Culture Trip stands with
Black Lives Matter
Who says fashion can’t make a statement and a difference? Fashion designer Charles Smith II believes so. Smith II currently has two lines: “Smith II,” a luxury line, and “S2 by Smith II,” an edgier and affordable brand. He’s dressed celebrities like Angela Simmons and Zoe Kravitz. His line sometimes features the words, “Do Not Touch,” inspired by the conversation around police brutality and the Black Lives Matter Movement. In an effort to give back to his community, Charles Smith II created a scholarship for Dallas ISD students funded by the profits of his fashion lines.
Mario Alberto Gallegos Jr. is a Dallas native and fashion designer, who has been doing big things in the Dallas fashion scene, so much so that he showcased his work during New York Fashion Week in 2014. Inspired by his Chicano heritage, Gallegos’ newest line, La New Onda, seeks to reclaim retro Latino fashion trends like pachuco suits, chola fashion, and Puerto Rican pompadours. Today, Gallegos Jr. can often be seen at Petit Atelier, a fashion studio in Deep Ellum, or Tissu, a fabric boutique. He opened both studios with his business partner and fashion designer, Michael Wysong Crigger.
Some might say that Khanh Nguyen was destined to be a fashion designer, with a father who was a talented artist and a mother who was a bridal designer. Owner of the label Nha Khanh, Nguyen was born in Vietnam, but was raised in Texas. She started her own business in 2009. Now, she creates exclusive designs for private clients, the likes of which are inspired by nature and art. Her past creations—whether bridal gowns, dresses, or two-piece outfits—have a dream-like quality and are luxurious in their detail.
Molly Sydnor may not be a Texas native, but with almost three years in Dallas, it looks like she’s here to make her name in the Dallas fashion scene. Sydnor identifies as an artist before a fashion designer, likening the creations she makes for clients to “wearable sculpture.” Much of her work uses fiber art and textiles to create a variety of textures and colors that speaks to race and identity; however, her latest line, showcased at The Pin Show in 2018, featured a unisex line that was edgy and inspired by the juxtaposition of architecture and light.
At seven, it was clear that Shirin Askari had a future in design when she made her first dress. Today, she’s killing it on the Dallas fashion scene and beyond with her collection, ASKARI. Askari appeared on the sixth season of Project Runaway, and later, showcased her work at New York Fashion Week. Her women’s line features lots of color and fun prints for the modern woman and are found in 150 boutiques and stores worldwide.
With accolades like “Texas Top Designer” awarded by Stanley Korshak in 2007, Abi Ferrin is a big-name fashion designer of Dallas. Catering to women of all ages, Ferrin designs garments to make women feel confident and beautiful, regardless of their body type. She employs ethical and environmentally-friendly design practices beginning with the production of each piece. She spearheaded the Freedom Project, which gives survivors of abuse and exploitation fair wages and future opportunities through the manufacturing of her line.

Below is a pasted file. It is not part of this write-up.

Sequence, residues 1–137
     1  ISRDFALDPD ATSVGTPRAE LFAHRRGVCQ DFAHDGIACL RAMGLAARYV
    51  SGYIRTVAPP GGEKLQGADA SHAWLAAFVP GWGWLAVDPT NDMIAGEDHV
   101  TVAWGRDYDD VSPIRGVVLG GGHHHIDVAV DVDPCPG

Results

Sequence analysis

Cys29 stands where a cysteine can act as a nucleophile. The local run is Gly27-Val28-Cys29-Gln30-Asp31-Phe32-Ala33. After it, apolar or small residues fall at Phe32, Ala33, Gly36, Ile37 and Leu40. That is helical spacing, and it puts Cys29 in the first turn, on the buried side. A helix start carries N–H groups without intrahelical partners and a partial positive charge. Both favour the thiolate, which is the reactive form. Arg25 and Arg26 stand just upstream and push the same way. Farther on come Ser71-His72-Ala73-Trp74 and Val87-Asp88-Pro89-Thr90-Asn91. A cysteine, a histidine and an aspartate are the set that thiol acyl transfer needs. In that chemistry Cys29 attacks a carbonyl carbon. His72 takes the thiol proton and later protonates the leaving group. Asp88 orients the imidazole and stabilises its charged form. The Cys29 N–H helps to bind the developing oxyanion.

Fashion designer Julie McCullough is the brain child of the The Pin Show, a fashion show that has showcased the artistic expressions of Dallas’ new, edgy, or up-and-coming designers for 10 years. However, McCullough as also been making her name as a fashion designer in Dallas. She opened Make + Made in 2005, and today it’s a garment production and upholstery studio. Folksie is her newest brand, offering women, men, and kids clothes that are simple, but also make a strong impact.
The bow tie is back in style and Emmanuel Tobias is keeping it that way. Tobias is a fashion designer in the DFW with a colorful and fun selection of bow ties. He was involved in the Dallas fashion scene for quite a while before making his debut on the thirteenth season of Project Runaway in 2014. His designs are inspired to help men elevate their style, while maintaining individuality.
Working at Neiman Marcus while still in college, Michael Faircloth was introduced to high fashion and top designers around the world. The experience inspired Faircloth to start his own fashion company in 1984. In the past 30 years, Faircloth has become one of Dallas’ elite custom garment designers. His most notable design was Laura Bush’s red couture Inaugural gown worn in 2001. Today, Faircloth continues to design luxurious garments, but also works hard to mentor young fashion designers trying to make their way in the world.
Memory Jora is bringing African designs from her home country of Zimbabwe to the streets of Dallas, and the result is wonderful. Jora’s line, Mory Jay, includes African prints with modern designs and cuts to create something truly exceptional, while also staying true to who she is and where she came from. Her newest line turned heads at The Pin Show in 2018, proving that Dallas is ready for something ultimately unique, culturally rich, and absolutely authentic.
Prashi Shah took Dallas by storm in 2002 with her custom Indian bridal gowns. She has since included designing non-bridal women’s wear and event design into her portfolio. Eastern design elements, especially fabrics with stand-out prints, are prevalent in Shah’s couture lines. This was inspired by her Indian heritage and a family history of working textiles. Shah’s clothes can be found at her stores, Prashe, located in the Oak Lawn neighborhood and in Houston.